Working Together on Energy and Climate Change

Last week I was delighted to welcome Deputy Secretary of Energy Elizabeth Sherwood-Randall to Seoul.  Deputy Secretary Sherwood-Randall served as the U.S. Co-Chair for the April 14 High Level Bilateral Commission (HLBC), which manages U.S.-ROK civil nuclear cooperation under the 123 Agreement.  Together with our ROK partners, the U.S. Government is working to advance the safe use of nuclear power and find innovative ways to meet global energy needs.  We are also studying how our two countries can address the challenges of climate change.
Deputy Secretary Sherwood-Randall with Vice Foreign Minister Cho Tae-yul at the HLBC meeting in Seoul
The HLBC is a great example of our strong cooperation in nuclear energy, and it will help us further our progress in addressing climate change and clean energy development.  We are using the very best of our creative energies to achieve this policy outcome.  Clean energy and energy security are clearly important components of our bilateral relationship and are priorities of our two Presidents.  Innovation will help drive green growth and is a key factor in realizing President Park’s vision of a “creative economy.”  This, in turn will benefit both business and the environment.
The slogan "FOR THE PLANET" was projected on the Eiffel Tower as part of the COP21, United Nations Climate Change Conference on Dec. 11, 2015. (AP photo)
The Paris Agreement was adopted at the 2015 21st United Nations Climate Change Conference of the Parties (COP-21) to reduce the effects of climate change globally.  This landmark agreement will be signed in New York City on April 22, 2016, to coincide with Earth Day.  Minister of Environment Yoon Seong-kyu and Climate Change Ambassador Choi Jai-Chul will sign the Paris Agreement on behalf of the Republic of Korea.  I look forward to meeting the Korean delegation when they return, and congratulating them on their part in this historic agreement.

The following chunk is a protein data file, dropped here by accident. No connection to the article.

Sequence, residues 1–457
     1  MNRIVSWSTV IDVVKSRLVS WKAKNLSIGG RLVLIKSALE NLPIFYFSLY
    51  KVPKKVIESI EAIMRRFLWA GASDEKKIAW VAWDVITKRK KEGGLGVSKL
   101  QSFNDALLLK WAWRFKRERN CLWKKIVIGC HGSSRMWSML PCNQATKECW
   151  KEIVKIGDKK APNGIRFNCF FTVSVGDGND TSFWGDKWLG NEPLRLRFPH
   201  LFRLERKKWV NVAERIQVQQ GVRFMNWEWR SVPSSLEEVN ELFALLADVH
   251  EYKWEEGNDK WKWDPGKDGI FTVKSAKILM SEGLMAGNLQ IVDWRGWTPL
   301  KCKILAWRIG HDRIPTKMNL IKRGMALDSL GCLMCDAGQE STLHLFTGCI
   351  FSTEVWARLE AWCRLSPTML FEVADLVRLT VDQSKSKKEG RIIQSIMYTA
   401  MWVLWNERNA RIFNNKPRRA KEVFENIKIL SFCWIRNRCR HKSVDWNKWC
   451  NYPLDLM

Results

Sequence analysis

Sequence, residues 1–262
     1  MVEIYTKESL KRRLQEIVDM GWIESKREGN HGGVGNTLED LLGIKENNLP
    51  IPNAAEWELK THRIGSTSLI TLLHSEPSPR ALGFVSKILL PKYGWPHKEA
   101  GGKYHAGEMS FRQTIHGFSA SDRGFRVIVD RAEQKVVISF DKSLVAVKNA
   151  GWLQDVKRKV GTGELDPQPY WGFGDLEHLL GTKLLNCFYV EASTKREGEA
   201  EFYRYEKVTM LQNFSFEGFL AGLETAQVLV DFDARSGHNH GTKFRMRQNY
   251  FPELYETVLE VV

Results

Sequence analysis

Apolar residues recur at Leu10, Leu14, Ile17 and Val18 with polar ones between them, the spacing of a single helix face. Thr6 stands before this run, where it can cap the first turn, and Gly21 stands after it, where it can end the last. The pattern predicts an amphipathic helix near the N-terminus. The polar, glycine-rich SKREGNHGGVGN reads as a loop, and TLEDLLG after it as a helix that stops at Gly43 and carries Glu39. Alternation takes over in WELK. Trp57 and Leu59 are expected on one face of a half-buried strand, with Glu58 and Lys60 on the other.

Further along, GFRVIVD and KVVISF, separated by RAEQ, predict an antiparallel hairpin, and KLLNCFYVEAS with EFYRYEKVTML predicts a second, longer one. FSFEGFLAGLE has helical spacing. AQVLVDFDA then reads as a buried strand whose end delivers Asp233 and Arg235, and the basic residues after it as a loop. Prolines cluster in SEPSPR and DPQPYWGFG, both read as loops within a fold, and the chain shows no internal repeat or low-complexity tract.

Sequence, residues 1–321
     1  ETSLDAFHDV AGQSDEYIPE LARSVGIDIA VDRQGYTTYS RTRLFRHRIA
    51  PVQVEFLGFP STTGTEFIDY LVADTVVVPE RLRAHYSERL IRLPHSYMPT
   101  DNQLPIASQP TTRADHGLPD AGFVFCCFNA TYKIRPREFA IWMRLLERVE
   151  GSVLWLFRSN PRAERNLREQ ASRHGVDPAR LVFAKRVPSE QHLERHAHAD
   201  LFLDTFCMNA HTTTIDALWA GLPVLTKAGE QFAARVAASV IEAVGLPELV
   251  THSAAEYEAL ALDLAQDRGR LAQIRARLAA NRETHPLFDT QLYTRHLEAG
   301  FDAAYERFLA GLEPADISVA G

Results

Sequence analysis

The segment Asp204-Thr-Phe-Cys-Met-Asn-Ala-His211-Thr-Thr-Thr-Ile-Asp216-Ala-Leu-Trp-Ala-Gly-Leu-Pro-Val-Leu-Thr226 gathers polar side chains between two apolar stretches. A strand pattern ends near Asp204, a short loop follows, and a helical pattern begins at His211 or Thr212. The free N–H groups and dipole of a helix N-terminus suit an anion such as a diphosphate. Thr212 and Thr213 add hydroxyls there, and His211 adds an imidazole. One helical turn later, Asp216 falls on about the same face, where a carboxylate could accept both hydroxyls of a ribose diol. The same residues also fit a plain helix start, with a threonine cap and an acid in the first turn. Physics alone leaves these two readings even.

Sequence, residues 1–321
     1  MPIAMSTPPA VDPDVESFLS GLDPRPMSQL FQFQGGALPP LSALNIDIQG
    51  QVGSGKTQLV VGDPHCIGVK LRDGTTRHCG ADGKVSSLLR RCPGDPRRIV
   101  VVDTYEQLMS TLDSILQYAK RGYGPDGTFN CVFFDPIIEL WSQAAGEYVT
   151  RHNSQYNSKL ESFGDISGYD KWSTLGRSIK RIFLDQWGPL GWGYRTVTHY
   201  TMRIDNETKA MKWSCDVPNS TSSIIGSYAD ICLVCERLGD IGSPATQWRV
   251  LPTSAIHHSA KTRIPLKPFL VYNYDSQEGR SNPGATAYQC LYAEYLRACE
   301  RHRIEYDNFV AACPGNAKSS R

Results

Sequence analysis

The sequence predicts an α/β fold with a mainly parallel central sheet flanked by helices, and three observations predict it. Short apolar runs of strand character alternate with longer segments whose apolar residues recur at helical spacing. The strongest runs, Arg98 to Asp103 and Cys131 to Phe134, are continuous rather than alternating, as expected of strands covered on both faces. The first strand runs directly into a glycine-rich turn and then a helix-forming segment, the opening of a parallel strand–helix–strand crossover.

I care deeply about tackling climate change and taking steps to limit carbon emission now to prevent more negative effects in the future.  Climate change affects us all, and doing nothing will lead to more frequent and severe droughts, crop failures, water shortages, famine, and outbreaks of disease.  The scientific data showing how climate change puts our lives and livelihoods at risk is irrefutable.  We must never forget why the Paris Agreement is so important:  it lays out a commitment to reduce man’s impact on the environment and preserve the earth for future generations.
For future generations, including Sejun!
Let me add that President Obama is proposing to increase U.S. government investment in clean energy research and development (R&D) by 21 percent in 2017, to $5.85 billion through an initiative called Mission Innovation.  South Korea was one of the 20 founding member countries, and is committed to doubling its investment in clean energy R&D.  As you can see, our two nations are committed through our actions and our investments to promote clean energy and tackle climate change.  We are truly building a better future together. 

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